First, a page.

Boeing and Lockheed Martin to enter competition to replace Mitsubishi/McDonnell Douglas F-4 Phantom
Boeing and Lockheed Martin are preparing to contest a new-generation Japanese fighter requirement that could kick off as early as next year and conclude with the selection of a replacement for the Mitsubishi/McDonnell Douglas F-4 Phantom in 2006.
Lockheed Martin displayed at this month's Japan Aerospace 2004 exhibition a mock-up of a new multirole configuration of the Lockheed Martin/Mitsubishi F-2, dubbed the Super Kai. Japan has also received its first briefing on the F-35 Joint Strike Fighter and has expressed interest in possibly acquiring the Lockheed Martin F/A-22 Raptor. Boeing believes its F-15 or F-18 could potentially meet the F-X requirement.
The Japan Defence Agency will establish an F-X team next January if the project is included in its new five-year budget, to run from April 2005.
The team will formulate a requirement and launch aircraft evaluations next year, followed by a selection in 2006. Funding would run from 2008, with deliveries to start in 2012-13. However, Japan could also choose in December to delay the programme by five years until 2010, say Boeing and Lockheed Martin.
With Japan mulling the early termination of F-2 production, Lockheed Martin and Mitsubishi earlier this year began discussing updates to ensure the design's survival (Flight International, 17-23 August). Mitsubishi has so far delivered 53 F-2s from an original requirement for 130 aircraft, but Lockheed Martin F-2 programme director James Shidler says this total has already reduced to about 100 and that further cuts are possible.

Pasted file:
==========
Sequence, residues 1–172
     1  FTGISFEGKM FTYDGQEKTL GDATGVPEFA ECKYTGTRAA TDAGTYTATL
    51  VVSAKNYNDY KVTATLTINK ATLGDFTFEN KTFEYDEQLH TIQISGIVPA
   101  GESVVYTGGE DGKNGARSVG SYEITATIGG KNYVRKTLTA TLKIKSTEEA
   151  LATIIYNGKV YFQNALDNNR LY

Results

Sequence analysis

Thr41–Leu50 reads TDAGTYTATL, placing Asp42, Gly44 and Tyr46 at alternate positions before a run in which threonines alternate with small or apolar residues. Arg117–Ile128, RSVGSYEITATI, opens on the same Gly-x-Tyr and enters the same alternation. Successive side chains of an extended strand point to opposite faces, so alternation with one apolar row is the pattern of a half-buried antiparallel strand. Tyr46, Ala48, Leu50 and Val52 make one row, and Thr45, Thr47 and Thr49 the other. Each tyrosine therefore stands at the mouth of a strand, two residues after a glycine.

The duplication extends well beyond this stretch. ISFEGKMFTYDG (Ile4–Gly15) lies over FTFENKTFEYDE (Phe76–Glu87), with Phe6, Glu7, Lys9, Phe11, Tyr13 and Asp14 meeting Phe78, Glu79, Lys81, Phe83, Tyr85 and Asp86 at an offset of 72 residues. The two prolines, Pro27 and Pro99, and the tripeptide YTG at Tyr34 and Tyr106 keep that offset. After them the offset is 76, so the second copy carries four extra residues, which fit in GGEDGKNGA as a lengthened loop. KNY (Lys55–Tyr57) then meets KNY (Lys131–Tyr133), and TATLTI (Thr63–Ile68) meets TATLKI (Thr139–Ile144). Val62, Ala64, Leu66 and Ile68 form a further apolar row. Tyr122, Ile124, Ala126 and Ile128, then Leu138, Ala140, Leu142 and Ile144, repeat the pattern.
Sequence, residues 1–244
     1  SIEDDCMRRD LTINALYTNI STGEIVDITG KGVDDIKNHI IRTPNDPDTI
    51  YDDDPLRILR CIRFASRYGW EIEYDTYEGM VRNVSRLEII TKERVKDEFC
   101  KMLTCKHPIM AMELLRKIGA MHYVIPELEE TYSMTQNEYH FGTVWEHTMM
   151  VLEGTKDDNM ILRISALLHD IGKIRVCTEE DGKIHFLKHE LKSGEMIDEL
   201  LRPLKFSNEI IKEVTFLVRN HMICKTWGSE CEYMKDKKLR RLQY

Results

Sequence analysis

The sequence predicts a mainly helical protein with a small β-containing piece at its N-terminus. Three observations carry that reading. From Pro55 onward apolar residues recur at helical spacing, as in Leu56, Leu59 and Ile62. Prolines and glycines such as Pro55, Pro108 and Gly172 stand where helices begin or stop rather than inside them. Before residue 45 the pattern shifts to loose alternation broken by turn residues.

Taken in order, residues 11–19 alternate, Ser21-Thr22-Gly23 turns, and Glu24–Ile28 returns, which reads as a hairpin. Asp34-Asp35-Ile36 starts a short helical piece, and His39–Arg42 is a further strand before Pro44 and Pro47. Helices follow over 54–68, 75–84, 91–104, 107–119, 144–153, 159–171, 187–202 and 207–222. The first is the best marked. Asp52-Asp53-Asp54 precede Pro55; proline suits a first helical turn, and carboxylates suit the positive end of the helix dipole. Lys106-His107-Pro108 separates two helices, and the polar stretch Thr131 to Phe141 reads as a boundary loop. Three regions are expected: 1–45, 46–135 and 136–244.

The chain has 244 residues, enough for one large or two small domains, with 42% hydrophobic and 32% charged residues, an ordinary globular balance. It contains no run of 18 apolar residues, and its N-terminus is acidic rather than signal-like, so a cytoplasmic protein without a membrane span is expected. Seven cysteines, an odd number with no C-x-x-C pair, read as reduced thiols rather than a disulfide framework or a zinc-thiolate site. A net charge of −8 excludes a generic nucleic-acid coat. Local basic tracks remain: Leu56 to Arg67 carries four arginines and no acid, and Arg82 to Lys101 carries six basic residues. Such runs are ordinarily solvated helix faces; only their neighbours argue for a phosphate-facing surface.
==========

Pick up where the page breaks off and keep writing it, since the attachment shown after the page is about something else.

The existing F-2, similar to the F-16 Block 40, was designed for air-to-air duties and close-in sea-land surveillance.
More similar to a Block 50 F-16, the Super Kai would feature new equipment, including a helmet-mounted cueing system, conformal fuel tanks, advanced mission computer and an active electronically scanned array radar. The aircraft would also carry an advanced targeting pod and laser and GPS-guided weapons.
The proposed F-2 Super Kai is a low-risk, cost-effective solution that provides "a very logical bridge to their next-generation fighter", says Lockheed Martin vice-president Ted Samples.
Boeing Japan fighter programme manager Martin Luther says "both the F-15 and F-18 would be viable contenders" if the F-X programme is launched in the next five-year plan. Tokyo could also opt for the JSF or F/A-22, although these are considered long shots because of its traditional preference for co-produced or licence-built fighters.
The new systems also may be too expensive for Japan's defence budget and may not be approved for export in time to meet its requirements.
However, a decision to delay the F-X project until the five-year plan starting April 2010 could make the JSF or F/A-22 more viable.
BRENDAN SOBIE / YOKOHAMA
Source: Flight International